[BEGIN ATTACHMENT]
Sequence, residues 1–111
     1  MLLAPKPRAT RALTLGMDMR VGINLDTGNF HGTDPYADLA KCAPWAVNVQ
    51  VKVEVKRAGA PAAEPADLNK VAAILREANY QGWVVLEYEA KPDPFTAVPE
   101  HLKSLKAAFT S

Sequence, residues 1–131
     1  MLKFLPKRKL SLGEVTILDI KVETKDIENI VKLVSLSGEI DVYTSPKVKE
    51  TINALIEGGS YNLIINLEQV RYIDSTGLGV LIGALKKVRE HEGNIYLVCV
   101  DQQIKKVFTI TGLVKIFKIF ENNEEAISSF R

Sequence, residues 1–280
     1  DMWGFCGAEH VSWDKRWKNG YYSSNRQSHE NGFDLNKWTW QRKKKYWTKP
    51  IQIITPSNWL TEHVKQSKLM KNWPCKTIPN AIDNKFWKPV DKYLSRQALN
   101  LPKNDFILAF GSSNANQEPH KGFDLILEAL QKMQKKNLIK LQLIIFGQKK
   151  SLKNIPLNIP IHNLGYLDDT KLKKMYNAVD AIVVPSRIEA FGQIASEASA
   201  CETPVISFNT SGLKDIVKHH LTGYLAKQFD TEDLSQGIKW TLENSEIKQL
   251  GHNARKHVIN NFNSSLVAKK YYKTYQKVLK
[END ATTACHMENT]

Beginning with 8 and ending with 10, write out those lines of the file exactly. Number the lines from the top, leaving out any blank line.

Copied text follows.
   101  DQQIKKVFTI TGLVKIFKIF ENNEEAISSF R

Sequence, residues 1–280
     1  DMWGFCGAEH VSWDKRWKNG YYSSNRQSHE NGFDLNKWTW QRKKKYWTKP